Tuesday, June 30, 2009

From Here On Out, It's Math

The code is coming along nicely.
>>> p.parse_date("01/01/1980", "Y")
(10L, 9L)
Real simple. First, we import the parsedates module, then we set the callback function to the mxDateTime Parser. The parse_date function takes a String of a date, which it passes to the mxDateTime Parsing function and a String for a frequency, which it converts into an int (to be stored internally). The Parsing function for the date returns a Python DateTime object (which, for my use, is basically a tuple filled with (year, month, day, hour, minute, second, etc.). I can extract this and pass all of these into a master function to calculate the date. The frequency is taken from the second String (and proper error messages are awarded in the event of a bizzare frequency) and stored internally (as an int for now).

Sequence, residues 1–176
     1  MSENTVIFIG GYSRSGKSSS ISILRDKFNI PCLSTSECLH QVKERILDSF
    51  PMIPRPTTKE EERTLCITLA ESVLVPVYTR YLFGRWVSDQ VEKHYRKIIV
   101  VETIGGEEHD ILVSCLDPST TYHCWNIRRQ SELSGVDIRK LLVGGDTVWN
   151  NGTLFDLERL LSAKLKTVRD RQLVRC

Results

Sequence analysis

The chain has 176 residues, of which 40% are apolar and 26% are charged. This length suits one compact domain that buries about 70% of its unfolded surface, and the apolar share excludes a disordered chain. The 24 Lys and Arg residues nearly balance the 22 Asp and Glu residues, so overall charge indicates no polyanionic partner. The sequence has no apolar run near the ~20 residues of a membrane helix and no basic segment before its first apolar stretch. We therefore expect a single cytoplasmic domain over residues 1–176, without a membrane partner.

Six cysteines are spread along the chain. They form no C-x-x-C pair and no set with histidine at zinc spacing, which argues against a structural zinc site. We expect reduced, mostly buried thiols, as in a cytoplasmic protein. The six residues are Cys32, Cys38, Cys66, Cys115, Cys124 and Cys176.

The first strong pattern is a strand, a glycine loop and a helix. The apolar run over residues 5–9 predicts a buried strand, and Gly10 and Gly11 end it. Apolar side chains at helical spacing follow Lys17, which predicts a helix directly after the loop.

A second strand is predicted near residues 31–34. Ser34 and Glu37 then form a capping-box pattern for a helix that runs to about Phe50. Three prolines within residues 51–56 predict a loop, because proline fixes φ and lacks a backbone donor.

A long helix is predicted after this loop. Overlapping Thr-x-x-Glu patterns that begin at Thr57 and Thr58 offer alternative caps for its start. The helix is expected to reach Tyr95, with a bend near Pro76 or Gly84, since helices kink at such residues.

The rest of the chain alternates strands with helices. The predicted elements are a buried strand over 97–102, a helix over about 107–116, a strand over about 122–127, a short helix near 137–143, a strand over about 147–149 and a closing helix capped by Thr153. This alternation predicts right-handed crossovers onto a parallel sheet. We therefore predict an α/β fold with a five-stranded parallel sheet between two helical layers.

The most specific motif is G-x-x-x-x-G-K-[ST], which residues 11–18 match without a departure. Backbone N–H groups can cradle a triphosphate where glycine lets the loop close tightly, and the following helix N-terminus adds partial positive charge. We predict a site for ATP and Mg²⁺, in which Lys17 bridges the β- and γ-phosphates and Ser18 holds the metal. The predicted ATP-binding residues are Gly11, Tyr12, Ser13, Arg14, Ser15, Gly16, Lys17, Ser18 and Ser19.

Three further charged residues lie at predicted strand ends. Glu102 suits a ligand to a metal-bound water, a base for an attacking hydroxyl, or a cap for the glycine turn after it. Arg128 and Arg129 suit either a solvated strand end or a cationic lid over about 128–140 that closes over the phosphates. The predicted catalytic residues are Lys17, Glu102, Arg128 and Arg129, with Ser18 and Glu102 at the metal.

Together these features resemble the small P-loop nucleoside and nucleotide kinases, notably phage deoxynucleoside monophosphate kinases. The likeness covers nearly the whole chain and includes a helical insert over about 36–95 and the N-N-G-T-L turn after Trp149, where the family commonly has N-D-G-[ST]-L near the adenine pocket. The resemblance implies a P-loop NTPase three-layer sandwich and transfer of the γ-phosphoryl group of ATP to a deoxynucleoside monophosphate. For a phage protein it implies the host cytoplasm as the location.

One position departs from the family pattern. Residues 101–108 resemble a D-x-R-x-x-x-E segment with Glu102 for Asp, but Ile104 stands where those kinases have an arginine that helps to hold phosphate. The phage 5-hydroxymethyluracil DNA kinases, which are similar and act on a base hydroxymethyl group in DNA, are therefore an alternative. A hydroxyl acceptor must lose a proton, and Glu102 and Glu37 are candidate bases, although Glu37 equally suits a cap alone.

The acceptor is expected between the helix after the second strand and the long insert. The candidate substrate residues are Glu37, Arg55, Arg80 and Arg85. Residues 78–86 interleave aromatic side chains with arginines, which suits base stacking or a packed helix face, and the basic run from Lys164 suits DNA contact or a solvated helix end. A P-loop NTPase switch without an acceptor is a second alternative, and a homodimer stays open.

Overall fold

A few things will need to be changed, though...

The frequency will need to be parsed, too, though, since Travis needs to support "custom" frequencies (read more about them here). Perhaps this will call for a second Python callback function, as parsing Strings with regular expressions is relatively easy in Python and difficult at best in C.

The mxDateTime parser returns the Python datetime object, which only supports time units up to the nanosecond (if I recall correctly...). The NumPy DateTime module must support units as high as femtoseconds. Hopefully this will be doable with just a couple of lines of code added to the parser.

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